Raleigh, N.C. — National gun control group Everytown for Gun Safety has bought airtime for a TV ad urging lawmakers to oppose House Bill 562, an omnibus gun bill that would relax restrictions on owning and carrying weapons in the state.
The 30-second spot is scheduled to run statewide on broadcast television this week.
House Bill 562 would repeal North Carolina's requirement that a prospective handgun buyer obtain a pistol permit from the county sheriff. That process includes a criminal background check.
At present, the pistol permit is the only criminal background check in place for private gun sales. Private sales, which advocates say constitute roughly 40 percent of all gun sales in the state, are not subject to federal background checks.
"The Second Amendment goes hand-in-hand with common-sense gun laws," intones a narrator over a folksy soundtrack. "So why do some lawmakers in Raleigh want to repeal North Carolina's handgun background check system?
"When Missouri repealed their background check system, gun homicides spiked," the ad continues. "We don't need to make the same mistake."
While unusual, it's not unheard of for national advocacy groups to buy ads to oppose or support legislation under consideration by state legislators. However, a week-long statewide broadcast television buy represents a substantial investment, particularly before the proposal has even reached a chamber floor.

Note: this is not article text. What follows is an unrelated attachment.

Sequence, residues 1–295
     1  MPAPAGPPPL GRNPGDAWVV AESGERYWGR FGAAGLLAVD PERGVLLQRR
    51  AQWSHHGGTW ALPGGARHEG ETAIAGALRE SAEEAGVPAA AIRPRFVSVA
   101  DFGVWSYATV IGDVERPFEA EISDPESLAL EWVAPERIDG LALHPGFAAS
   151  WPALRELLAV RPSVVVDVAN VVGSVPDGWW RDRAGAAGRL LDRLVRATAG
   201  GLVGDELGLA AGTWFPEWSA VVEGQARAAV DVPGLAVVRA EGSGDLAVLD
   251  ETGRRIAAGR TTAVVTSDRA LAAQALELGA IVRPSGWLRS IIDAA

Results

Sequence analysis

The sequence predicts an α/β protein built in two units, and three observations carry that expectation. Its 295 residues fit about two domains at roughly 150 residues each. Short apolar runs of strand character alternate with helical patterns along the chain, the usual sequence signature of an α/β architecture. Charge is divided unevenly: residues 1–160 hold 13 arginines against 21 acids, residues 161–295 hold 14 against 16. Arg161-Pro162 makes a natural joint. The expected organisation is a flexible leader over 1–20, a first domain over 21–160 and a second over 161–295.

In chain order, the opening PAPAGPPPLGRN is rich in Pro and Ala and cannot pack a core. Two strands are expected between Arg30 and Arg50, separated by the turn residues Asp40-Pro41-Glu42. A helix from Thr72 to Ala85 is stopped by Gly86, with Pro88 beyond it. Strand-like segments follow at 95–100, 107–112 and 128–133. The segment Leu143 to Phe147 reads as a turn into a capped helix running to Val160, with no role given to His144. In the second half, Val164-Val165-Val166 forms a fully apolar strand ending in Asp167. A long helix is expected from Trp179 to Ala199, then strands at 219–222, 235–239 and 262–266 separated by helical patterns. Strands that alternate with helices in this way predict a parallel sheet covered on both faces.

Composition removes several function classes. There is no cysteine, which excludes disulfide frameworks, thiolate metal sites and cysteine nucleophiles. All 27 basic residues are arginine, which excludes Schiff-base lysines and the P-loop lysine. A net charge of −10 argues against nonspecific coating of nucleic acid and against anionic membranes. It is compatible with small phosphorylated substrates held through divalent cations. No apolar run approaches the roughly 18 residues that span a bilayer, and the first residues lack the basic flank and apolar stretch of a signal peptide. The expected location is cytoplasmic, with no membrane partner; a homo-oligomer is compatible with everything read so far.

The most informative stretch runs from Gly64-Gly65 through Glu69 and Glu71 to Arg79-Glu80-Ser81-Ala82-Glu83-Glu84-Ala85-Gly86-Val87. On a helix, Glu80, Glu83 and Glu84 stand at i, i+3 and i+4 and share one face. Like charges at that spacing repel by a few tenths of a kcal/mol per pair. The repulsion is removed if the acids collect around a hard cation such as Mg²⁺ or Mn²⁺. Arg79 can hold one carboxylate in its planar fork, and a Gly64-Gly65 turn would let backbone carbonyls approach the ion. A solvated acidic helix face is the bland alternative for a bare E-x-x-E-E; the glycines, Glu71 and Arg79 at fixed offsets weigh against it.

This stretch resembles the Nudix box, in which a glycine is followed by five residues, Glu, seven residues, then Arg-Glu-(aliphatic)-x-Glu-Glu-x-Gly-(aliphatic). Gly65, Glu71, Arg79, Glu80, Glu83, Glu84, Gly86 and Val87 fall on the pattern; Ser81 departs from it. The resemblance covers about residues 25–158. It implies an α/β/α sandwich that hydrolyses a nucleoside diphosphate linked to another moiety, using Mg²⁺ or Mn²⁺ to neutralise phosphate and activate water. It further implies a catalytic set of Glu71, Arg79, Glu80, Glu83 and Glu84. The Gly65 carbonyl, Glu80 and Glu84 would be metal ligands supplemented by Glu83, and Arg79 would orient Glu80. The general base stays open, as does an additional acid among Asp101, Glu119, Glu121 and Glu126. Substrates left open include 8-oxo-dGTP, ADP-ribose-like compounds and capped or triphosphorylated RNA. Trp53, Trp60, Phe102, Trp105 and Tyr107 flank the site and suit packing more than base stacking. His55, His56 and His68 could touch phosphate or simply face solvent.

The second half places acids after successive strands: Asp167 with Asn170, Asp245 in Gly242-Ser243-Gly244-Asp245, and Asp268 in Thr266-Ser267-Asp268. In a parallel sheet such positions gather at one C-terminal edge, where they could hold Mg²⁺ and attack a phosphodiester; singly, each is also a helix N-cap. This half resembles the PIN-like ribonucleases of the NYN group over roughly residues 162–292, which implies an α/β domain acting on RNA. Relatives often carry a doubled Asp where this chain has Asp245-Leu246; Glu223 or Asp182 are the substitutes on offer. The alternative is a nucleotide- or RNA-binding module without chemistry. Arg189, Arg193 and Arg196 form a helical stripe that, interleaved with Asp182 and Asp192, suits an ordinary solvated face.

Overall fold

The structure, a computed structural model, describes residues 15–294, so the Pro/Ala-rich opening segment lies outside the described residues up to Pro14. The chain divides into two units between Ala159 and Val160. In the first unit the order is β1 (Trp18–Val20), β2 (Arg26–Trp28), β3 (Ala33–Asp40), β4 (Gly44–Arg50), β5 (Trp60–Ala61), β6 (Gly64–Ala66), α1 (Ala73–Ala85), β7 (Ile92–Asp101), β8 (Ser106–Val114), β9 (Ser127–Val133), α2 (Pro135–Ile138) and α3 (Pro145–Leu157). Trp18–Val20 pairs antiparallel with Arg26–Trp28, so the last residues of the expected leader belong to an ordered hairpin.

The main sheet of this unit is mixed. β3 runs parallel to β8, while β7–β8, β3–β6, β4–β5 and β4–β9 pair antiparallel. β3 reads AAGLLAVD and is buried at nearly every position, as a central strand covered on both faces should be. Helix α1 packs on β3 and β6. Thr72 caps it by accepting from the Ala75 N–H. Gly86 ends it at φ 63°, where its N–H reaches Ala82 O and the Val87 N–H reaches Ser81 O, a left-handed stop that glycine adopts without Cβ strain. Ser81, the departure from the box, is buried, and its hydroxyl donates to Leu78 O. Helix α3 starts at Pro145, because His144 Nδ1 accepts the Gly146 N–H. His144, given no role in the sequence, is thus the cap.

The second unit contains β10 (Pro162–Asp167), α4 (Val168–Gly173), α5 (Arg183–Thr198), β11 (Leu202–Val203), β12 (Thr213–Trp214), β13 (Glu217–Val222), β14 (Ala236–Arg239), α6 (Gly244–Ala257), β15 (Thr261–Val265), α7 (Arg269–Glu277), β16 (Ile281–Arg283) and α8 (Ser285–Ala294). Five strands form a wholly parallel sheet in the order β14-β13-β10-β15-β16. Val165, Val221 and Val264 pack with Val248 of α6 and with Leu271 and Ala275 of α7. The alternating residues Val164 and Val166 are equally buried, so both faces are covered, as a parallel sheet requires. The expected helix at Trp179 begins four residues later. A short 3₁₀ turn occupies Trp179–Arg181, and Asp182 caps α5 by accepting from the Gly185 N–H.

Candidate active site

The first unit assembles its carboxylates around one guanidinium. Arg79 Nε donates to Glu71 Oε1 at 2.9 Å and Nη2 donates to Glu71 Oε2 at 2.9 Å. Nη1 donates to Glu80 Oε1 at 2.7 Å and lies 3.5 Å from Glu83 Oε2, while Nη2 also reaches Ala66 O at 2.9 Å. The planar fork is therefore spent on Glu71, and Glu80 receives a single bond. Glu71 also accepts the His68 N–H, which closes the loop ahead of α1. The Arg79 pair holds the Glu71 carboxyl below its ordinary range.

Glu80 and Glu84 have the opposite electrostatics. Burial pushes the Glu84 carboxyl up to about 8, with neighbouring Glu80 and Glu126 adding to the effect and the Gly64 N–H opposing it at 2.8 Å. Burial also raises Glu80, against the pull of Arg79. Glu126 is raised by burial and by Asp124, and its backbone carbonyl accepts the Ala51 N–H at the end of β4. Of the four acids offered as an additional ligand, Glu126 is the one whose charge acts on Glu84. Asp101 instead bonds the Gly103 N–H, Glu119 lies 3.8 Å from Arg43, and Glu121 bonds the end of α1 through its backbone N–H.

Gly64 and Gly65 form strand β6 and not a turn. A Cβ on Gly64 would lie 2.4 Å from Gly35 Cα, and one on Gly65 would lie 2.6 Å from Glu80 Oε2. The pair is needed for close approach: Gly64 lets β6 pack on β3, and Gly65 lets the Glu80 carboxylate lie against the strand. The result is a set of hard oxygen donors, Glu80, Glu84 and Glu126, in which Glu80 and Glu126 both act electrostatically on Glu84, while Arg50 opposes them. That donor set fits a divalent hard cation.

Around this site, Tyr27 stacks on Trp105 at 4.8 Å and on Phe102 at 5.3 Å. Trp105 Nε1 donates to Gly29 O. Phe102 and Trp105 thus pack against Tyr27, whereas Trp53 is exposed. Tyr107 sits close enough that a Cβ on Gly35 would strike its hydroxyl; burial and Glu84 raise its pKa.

Everytown calls itself a "gun violence prevention organization." It includes the groups Mayors Against Illegal Guns, founded and initially bankrolled by former New York City mayor Michael Bloomberg, and Moms Demand Action for Gun Sense in America, a grassroots group founded in response to the Sandy Hook school shootings in Connecticut.
The fate of the bill remains uncertain. It was pulled off a House Appropriations Committee meeting agenda last week at the request of sponsor Rep. Jacqueline Schaffer, R-Mecklenburg, and has not yet been rescheduled.
Neither Schaffer nor co-sponsor Rep. John Faircloth, R-Guilford, responded to WRAL News' request for comment. The National Rifle Association, which supports the proposal, has not yet responded, either.